Friday, May 18, 2012

I'm Done

Yes, I'm done with the lenghty retyping of my orchestration of a piece by Schoenberg. Here's a sneak peek of the first page. Recordings due in two weeks.

Friday, April 13, 2012

Felix Makes Meowsic

From this issue of film-specialized trade magazine Cinéa published in the dawn of talking features, Dec 1st, 1929, there's an article about the recent installment of sound recording studios next to the Pathé studios in Joinville-le-Pont, near Paris, courtesy of RCA. It also mentions that 8,500 US theaters out of roughly 20,000 would be equipped with sound material within the end of the year - this is quick considering that the first talkie was released a mere two years ago.
But the most interesting anecdote is the caption to the above illustration: we learn that the music and sound effects for the forthcoming Felix cartoons would be provided namely by Bernard Altschuler's Orchestra and Harry Edison, who according to this article from the Pittsburgh Press, dated Jul 13th, 1929 is a drummer who has been performing sound effects for various NBC programs.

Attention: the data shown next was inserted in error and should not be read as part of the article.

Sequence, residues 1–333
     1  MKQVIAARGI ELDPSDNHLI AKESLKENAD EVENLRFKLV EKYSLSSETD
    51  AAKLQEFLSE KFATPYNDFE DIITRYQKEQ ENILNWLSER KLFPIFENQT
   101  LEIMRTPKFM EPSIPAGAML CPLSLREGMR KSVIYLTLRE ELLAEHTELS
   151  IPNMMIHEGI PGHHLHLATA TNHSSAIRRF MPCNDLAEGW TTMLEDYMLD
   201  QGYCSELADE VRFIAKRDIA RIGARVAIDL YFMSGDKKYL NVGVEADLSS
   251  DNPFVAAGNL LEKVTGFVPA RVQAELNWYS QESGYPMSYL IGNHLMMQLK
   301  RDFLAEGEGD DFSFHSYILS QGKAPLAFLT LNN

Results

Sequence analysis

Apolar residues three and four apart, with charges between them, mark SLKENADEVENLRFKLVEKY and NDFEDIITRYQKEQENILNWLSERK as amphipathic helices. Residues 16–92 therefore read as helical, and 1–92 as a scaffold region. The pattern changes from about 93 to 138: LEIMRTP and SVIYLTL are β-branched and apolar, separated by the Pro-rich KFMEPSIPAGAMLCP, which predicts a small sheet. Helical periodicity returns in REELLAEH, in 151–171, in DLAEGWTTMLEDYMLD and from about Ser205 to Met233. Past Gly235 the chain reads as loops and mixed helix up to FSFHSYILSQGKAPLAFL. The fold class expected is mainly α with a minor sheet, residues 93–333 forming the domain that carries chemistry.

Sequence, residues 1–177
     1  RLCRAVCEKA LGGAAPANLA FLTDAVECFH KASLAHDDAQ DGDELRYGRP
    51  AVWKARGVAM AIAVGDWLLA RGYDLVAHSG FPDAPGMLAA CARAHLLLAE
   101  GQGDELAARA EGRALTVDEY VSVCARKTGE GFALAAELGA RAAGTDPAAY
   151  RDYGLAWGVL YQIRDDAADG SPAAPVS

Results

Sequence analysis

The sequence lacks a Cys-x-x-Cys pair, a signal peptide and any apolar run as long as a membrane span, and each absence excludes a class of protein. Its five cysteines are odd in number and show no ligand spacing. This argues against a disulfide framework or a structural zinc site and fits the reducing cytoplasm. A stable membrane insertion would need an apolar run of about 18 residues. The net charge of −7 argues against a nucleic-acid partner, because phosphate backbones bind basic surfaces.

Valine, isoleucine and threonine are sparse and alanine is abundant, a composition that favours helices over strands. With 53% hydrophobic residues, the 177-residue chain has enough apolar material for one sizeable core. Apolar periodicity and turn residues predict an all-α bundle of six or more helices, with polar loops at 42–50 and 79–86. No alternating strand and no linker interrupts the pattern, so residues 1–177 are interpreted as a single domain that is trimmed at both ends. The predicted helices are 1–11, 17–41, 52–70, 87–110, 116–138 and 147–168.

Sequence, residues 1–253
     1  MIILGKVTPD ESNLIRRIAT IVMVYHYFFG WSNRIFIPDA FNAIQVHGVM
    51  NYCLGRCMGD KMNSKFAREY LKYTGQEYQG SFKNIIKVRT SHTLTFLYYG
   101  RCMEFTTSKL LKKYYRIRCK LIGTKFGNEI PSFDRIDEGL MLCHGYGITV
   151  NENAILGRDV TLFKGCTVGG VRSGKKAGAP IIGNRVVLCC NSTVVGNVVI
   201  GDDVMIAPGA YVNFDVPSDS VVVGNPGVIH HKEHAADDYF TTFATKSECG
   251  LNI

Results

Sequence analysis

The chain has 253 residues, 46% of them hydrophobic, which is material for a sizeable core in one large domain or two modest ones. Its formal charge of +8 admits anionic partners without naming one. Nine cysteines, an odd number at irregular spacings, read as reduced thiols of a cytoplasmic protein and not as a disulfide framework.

A quick Google search has yielded only one Bernard Altschuler in the musical field so far: he was the younger brother of Modest Altschuler, founder of the Russian Symphony Orchestra of New York, and was a cellist there. He later wound up performing at NBC Radio. (source)
I cannot guarantee he is the one providing the soundtracks for the later Felixes, so let me know if I have been citing a namesake.

Friday, March 23, 2012

I Wants To See You-Rope

13 April of 1938: The airport of Le Bourget -near Paris- is crowded with photographers and bystanders eagerly waiting for the arrival of Popeye the spinach-eating sailor, who in the midst of a world tour has finally landed after having sailed across the Uniked Stakes and Londdin by boat and plane. He'll be staying in Paris for a few days to teach bystanders to be strong to the finich prior to leaving to Brussels and Hamster-dame.

This Popeye was a full-scale doll (Ha! You've been had. Admit it.)

The article was sourced from Paris-based daily newspaper Le Petit Parisien.

Wednesday, March 14, 2012

And Now for a Break...